In the lead up to two consecutive World Series stops in Scandinavia in July and August, the sport’s most decorated female athlete got a taste of the North following the season’s first two stops in Boston and Paris. Iffland is also the first person ever to perform a high dive from a moving hot air balloon.

  Rhiannan Iffland dives fromm the Tall ship Christian Radich dives from the tall ship Christian Radich   To kick off this year’s debut World Series stop in the Norwegian capital city of Oslo on August 13, the Australian athlete showcased her diving skills from the full-rigged historic ship. “Let’s be real, I was a little bit nervous and super excited at the same time. Sailing over here I was just thinking this is a magnificent experience and just a beautiful place to dive, and that’s ultimately why I love this sport!”, said Iffland in a first statement. “Those opportunities, and the opportunity to push my boundaries as a diver, and as a human being. So, super cool!” On August 13, the sport’s female headliner will dive for real from platforms mounted up to 88 feet high on the roof of the Opera House. Courtesy Red Bull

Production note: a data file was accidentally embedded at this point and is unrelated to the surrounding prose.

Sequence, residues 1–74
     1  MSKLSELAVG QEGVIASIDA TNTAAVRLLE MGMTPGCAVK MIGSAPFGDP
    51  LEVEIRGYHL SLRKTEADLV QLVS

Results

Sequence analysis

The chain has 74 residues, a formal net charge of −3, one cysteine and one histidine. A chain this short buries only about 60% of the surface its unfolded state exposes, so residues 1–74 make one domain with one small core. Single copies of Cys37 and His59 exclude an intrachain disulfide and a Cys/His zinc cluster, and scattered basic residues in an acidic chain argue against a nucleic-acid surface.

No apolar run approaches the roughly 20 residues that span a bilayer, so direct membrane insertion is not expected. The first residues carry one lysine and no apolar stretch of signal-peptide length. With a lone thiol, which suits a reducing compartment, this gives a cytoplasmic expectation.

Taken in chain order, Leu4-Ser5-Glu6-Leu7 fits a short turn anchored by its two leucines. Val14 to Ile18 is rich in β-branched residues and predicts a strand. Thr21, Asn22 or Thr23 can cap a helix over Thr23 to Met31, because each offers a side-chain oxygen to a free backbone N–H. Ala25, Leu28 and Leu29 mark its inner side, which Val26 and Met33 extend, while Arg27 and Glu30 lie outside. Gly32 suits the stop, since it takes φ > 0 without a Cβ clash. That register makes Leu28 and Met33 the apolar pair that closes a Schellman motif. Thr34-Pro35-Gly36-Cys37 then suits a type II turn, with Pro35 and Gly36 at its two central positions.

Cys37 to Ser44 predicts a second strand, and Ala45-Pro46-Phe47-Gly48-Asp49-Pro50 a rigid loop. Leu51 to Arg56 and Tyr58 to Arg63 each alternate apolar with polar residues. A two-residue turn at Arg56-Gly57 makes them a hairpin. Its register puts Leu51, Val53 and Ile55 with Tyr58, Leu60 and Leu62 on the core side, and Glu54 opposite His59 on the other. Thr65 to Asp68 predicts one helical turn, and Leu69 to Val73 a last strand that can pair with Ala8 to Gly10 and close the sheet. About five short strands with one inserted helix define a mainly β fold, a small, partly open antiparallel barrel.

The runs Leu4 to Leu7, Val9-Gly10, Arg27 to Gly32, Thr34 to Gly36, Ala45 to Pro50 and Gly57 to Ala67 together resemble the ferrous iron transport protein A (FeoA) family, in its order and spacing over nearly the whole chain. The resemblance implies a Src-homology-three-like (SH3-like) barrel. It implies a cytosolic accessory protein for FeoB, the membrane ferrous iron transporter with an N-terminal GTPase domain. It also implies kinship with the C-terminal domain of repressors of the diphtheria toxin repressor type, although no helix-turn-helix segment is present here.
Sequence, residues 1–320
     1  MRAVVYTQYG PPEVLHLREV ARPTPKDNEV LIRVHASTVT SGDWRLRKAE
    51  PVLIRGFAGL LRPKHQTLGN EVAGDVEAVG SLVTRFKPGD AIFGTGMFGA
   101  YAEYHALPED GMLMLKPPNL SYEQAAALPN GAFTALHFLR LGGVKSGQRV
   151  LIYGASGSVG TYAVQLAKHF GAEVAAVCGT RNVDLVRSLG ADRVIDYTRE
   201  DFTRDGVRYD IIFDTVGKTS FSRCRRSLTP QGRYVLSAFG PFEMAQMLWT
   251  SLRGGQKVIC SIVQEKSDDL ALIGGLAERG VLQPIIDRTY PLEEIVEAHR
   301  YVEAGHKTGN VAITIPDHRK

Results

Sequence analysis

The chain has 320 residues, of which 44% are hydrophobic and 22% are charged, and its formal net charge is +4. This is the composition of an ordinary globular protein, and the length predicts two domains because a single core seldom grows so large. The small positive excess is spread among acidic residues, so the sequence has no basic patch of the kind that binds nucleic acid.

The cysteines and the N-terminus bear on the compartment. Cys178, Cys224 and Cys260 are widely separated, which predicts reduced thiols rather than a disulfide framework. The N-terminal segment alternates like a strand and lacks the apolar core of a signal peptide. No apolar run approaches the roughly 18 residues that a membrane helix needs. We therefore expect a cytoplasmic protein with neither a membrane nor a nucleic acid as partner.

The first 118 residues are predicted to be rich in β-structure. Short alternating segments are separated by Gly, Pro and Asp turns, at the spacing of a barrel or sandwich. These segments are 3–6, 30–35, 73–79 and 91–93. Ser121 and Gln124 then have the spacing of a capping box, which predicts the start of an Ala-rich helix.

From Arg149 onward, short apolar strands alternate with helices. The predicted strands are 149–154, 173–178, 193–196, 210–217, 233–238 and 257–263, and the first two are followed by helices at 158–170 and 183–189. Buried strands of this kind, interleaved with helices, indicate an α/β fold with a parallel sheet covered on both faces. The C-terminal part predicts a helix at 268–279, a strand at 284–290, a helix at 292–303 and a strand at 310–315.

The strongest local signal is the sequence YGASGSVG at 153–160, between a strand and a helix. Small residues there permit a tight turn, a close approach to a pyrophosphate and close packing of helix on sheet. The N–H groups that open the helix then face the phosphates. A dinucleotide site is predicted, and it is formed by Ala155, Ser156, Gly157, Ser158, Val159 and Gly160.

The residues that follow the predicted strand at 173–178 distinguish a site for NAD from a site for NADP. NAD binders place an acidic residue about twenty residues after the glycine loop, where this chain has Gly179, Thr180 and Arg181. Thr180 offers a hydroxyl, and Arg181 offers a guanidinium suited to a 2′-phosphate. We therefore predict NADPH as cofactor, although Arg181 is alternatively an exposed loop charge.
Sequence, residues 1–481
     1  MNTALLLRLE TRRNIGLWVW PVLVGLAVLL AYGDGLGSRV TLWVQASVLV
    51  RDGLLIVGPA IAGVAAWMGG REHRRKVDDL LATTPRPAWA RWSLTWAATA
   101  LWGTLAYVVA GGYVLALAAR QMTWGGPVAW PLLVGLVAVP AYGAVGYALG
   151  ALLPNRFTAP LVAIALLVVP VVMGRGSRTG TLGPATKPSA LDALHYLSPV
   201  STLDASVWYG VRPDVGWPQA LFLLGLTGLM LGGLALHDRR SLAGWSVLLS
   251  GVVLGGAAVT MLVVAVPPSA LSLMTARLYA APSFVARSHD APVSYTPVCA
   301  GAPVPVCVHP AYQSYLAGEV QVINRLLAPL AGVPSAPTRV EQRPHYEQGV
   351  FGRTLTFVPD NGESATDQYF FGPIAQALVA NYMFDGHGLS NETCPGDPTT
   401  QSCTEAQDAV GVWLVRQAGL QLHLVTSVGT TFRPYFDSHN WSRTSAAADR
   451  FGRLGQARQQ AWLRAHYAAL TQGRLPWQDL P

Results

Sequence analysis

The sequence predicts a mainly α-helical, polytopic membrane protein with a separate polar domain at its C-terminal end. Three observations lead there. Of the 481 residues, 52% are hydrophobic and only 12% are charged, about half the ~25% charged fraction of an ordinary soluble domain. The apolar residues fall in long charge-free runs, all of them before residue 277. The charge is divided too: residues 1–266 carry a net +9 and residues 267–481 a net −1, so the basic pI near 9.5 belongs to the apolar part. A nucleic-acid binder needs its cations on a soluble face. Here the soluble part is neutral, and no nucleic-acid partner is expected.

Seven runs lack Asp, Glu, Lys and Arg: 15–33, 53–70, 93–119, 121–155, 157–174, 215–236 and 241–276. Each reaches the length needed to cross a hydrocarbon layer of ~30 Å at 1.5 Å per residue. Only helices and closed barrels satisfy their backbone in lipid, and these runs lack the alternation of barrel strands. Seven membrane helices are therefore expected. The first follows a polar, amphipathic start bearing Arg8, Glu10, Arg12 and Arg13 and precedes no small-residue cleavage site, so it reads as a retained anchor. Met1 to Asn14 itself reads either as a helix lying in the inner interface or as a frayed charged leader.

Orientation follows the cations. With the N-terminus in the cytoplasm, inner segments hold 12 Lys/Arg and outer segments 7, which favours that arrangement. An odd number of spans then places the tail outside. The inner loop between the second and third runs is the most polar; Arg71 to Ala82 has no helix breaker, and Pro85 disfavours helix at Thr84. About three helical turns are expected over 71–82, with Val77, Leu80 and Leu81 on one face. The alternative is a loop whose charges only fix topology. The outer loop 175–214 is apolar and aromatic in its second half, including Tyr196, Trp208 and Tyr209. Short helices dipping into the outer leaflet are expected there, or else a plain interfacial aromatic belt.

The science of cliff diving

Like many sports, cliff diving is often called an art by fans who appreciate the training and discipline. But, behind the art lies a whole lot of science and numbers. Height, speed and g-force, as well as aerial awareness, timing and physical strength all play a huge role in creating the most perfect, aesthetic and, of course, safe dives.

Here are a few fast facts about the science of cliff diving:

• Take-off jump - Up to 2.6 feet